Cars and vans could be banned from Waterloo Bridge and London Bridge - and pavements on Borough High Street are to be widened - under measures to make walking and cycling easier whilst social distancing measures are in force.
The measures are part of a new Steetspace plan to create more space for social distancing when walking and cycling, ensuring that the people who have no choice but to return to work in central London can do so as safely as possible.
City Hall says that Waterloo Bridge and London Bridge may be restricted to people walking, cycling and buses only, with pavements widened to enable people to safely travel between busy railway stations and their workplaces.
TfL is looking into providing zero emission capable taxis with access to both these bridges, and other areas where traffic is restricted.
Car and van access to London Bridge is currently restricted as a result of City of London Corporation work to replace the bridge decking.
"Covid-19 poses the biggest challenge to London's public transport network in TfL's history. It will take a monumental effort from all Londoners to maintain safe social distancing on public transport as lockdown restrictions are gradually eased," said Sadiq Khan, the Mayor of London.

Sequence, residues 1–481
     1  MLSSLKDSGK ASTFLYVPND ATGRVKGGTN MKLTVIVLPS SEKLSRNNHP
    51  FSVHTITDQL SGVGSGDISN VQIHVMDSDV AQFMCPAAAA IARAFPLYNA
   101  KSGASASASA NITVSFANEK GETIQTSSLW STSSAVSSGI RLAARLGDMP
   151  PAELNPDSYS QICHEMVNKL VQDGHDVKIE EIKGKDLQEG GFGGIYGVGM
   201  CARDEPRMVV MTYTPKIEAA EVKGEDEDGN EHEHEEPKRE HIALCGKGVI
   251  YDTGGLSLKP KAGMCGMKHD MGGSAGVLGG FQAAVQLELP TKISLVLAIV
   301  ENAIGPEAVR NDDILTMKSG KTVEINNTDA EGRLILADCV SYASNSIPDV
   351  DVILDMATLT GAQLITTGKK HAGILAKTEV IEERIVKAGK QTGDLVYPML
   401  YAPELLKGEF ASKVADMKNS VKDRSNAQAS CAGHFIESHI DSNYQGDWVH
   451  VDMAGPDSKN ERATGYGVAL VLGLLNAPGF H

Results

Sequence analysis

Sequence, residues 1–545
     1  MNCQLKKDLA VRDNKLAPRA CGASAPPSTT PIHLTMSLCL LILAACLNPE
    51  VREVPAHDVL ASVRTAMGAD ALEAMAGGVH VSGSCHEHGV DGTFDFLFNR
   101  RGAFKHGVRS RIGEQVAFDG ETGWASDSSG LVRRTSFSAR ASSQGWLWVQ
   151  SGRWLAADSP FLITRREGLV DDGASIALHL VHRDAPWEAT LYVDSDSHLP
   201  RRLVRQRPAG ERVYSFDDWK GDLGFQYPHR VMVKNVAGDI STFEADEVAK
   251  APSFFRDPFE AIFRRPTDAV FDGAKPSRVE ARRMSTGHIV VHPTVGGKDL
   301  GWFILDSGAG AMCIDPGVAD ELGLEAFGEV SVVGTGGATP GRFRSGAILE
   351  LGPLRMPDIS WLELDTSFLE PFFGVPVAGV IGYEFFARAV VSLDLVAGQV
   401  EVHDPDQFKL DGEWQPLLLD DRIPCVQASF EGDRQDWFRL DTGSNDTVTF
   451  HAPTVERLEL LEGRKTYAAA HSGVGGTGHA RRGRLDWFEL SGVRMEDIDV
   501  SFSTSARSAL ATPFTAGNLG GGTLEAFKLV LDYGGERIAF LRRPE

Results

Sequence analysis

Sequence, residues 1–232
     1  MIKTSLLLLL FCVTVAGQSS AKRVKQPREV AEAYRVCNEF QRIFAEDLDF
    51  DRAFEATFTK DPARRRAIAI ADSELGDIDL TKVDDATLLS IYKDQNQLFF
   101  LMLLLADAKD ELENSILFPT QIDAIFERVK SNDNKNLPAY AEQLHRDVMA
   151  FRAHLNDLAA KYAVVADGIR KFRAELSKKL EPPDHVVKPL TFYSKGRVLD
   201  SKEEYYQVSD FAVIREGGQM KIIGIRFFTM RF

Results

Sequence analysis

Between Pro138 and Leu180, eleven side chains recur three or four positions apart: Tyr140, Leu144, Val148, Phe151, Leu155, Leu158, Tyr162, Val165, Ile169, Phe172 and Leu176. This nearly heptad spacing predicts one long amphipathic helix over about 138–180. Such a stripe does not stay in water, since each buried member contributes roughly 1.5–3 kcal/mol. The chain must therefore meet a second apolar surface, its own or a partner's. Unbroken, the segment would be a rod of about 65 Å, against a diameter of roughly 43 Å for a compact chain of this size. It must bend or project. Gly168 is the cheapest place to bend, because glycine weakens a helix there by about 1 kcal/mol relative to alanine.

"That means we have to keep the number of people using public transport as low as possible. And we can't see journeys formerly taken on public transport replaced with car usage because our roads would immediately become unusably blocked and toxic air pollution would soar.
"I ask that Londoners do not use public transport unless it is absolutely unavoidable – it must be a last resort. If you can work from home you should continue to do so. We should all spend more of our leisure time in our local areas too."
"We will need many more Londoners to walk and cycle to make this work. That's why these plans will transform parts of central London to create one of the largest car-free areas in any capital city in the world.
"If we want to make transport in London safe, and keep London globally competitive, then we have no choice but to rapidly repurpose London's streets for people. By ensuring our city's recovery is green, we will also tackle our toxic air which is vital to make sure we don't replace one public health crisis with another. I urge all boroughs to work with us to make this possible.
"I fully appreciate that this will be incredibly difficult for many Londoners. It will mean a fundamental reimagining how we live our lives in this city. And this transformation will not be smooth. But I promise to be as clear and upfront with Londoners as possible about what we are doing, why and exactly what we need from you in order to keep us safe."
Lambeth has announced a suite of radical changes to streets. Southwark's plan is lighter on specific details but the council is asking for public suggestions for locations where changes could be made to facilitate social distancing.
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